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NHS ‘best practice’ failings

NHS trusts falling short on orthopaedic care

Doctor with hip xray

One in 10 Which? members who have had NHS hip or knee surgery did not think the process was well managed. 

And information shared exclusively with Which? shows that this could be wasting NHS money.

According to data from healthcare information provider Dr Foster, NHS trusts failing to meet seven best-practice standards for hip and knee replacements could be keeping patients in hospital for up to five days longer than needed. 

This, in turn, could increase hospital costs and the risk of infection.

Mixed results

Only a third of trusts phoned patients in the first 48 hours after they’d been discharged. 

A post-op phone call improves the patient experience and can help reduce re-admittance by heading off potential problems and anxieties.

A fifth of trusts failed to provide seven-day specialist physiotherapy meaning that patients admitted on a Friday might not be up and about as quickly as those  admitted earlier in the week, possibly adding to patient stays and NHS costs.

Best and worst performers

Among the best-performing NHS Foundation Trusts were The Royal Bournemouth and Christchurch Hospitals Trust, East Kent Hospitals Trust, Northumbria Healthcare and The Dudley Group of Hospitals.

However, South London Healthcare and St Georges Healthcare achieved only one of the seven standards.

A spokesperson from South London Healthcare NHS Trust said that it’s redesigning its three-site orthopaedic service so patients will be seen at an already successful one-site specialist centre.

Peter Kay of the British Orthopaedic Association said: ‘It’s disappointing that hospitals following the best-practice standards aren’t paid more to do so, as this would encourage hospitals in resourcing the best services for patients.’

The best-practice standards

The seven ‘best practice’ standards for elective (planned) hip and knee replacement surgery are:

  • Pre-surgery education – Classes which help relieve a patient’s anxiety about their forthcoming operation, promote understanding, and manage the patient’s expectations – for example, what pain to expect.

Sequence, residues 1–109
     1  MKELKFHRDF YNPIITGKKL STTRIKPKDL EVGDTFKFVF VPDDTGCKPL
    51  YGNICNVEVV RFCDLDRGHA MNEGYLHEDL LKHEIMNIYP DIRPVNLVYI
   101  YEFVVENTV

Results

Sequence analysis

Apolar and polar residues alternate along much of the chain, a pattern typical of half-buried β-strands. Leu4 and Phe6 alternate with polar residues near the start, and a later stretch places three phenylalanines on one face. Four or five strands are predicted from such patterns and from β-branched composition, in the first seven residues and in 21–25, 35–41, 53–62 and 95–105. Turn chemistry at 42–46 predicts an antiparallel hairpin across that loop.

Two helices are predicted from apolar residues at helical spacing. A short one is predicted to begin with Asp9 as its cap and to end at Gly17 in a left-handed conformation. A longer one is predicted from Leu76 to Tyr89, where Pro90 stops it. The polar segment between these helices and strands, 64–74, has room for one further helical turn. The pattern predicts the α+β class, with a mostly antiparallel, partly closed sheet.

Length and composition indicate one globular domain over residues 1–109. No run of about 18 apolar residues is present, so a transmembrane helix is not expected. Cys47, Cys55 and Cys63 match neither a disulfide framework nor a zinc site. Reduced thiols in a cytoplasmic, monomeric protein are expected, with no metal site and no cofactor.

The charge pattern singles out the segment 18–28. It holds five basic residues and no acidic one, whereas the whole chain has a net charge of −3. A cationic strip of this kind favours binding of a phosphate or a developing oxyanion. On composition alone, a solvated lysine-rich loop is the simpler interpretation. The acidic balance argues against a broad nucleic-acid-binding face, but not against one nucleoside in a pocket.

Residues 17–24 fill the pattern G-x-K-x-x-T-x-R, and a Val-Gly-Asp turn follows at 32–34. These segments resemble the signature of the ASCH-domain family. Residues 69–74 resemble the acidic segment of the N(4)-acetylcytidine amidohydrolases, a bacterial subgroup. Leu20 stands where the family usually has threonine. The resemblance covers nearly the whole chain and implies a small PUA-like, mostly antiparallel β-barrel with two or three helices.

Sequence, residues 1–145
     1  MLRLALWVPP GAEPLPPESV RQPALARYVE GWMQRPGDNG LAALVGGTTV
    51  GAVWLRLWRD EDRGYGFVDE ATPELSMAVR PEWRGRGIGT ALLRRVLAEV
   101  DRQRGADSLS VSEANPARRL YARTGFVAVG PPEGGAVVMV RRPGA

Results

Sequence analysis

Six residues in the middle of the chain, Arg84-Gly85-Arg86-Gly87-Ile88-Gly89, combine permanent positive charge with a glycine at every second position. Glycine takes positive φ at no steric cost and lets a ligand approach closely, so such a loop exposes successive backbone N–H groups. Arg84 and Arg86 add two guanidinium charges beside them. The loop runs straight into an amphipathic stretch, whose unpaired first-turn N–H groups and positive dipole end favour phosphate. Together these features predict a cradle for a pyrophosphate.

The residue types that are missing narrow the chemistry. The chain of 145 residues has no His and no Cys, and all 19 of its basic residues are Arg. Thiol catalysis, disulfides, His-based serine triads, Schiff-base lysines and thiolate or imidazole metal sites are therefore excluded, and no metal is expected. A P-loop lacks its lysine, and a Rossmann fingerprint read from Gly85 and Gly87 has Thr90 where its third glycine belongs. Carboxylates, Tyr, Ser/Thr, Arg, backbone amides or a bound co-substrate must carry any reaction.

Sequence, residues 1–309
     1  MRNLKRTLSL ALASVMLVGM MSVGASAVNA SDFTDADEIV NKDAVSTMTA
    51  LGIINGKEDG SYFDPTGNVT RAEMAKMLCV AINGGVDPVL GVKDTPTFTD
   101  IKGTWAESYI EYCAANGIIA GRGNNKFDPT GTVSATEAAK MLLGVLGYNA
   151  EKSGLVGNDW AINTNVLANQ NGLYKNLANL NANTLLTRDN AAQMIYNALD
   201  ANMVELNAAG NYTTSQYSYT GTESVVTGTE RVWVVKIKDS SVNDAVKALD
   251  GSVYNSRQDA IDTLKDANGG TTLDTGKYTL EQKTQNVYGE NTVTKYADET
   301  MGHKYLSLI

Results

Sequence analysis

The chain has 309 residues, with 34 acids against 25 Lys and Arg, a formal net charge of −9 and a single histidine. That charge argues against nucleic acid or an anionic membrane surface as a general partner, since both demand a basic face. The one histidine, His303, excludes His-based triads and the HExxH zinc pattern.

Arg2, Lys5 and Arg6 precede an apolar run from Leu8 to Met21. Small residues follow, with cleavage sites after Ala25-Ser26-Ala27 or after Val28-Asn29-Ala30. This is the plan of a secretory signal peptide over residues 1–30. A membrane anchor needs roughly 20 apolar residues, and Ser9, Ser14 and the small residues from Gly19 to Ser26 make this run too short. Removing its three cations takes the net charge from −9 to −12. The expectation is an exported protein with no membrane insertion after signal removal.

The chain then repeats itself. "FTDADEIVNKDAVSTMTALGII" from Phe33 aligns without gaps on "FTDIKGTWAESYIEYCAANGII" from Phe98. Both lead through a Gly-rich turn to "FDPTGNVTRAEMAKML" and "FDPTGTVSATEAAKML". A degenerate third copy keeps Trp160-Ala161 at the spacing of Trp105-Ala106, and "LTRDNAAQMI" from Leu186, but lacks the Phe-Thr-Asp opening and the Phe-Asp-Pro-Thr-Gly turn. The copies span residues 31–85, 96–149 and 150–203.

• Admittance on day of surgery – Patients, who are generally well apart from the need for hip and knee surgery, are admitted on the day of surgery. This reduces the length of stay and therefore the risk of picking up an infection, but also allows the patient to be in the comfort of their own home for as long as possible before coming to hospital.
  • Standardised anaesthetic protocol – Anaesthetists in the hospital use the same type of anaesthetic, although this is tailored to the patient’s need. This means that there is a good level of expertise for all staff, and this familiarity with the anaesthetic helps staff manage patients’ pain and recovery.
  • Multidisciplinary recording of patient records – All professionals involved in the patient’s care share one set of records including what is expected of the patient – for example, when they should be achieving certain goals. This means that all professionals are sharing information and this in turn reduces the risk of complications.
  • Seven-day-a-week orthopaedic physiotherapy service – Everyone has the same access to specialist physiotherapy and has the same experience, whether they are admitted on a Monday or just before the weekend.
  • Criteria-based discharge – A checklist that any professional treating the patient can potentially use to decide if the patient is well enough to go home if they have achieved their goals, and get them home as soon as they have. This helps reduce error in the discharge process, reducing risk to the patient.
  • Phoning the patient in the 48 hours after they leave hospital – This improves the patient experience and can help reduce re-admittance by heading off potential problems and anxieties.

More on this:

  • See more NHS results on the Dr Foster website
  • Find out about adapting your home for disability
  • Read about our hospital car parking campaign and what the situation is in hospitals local to you
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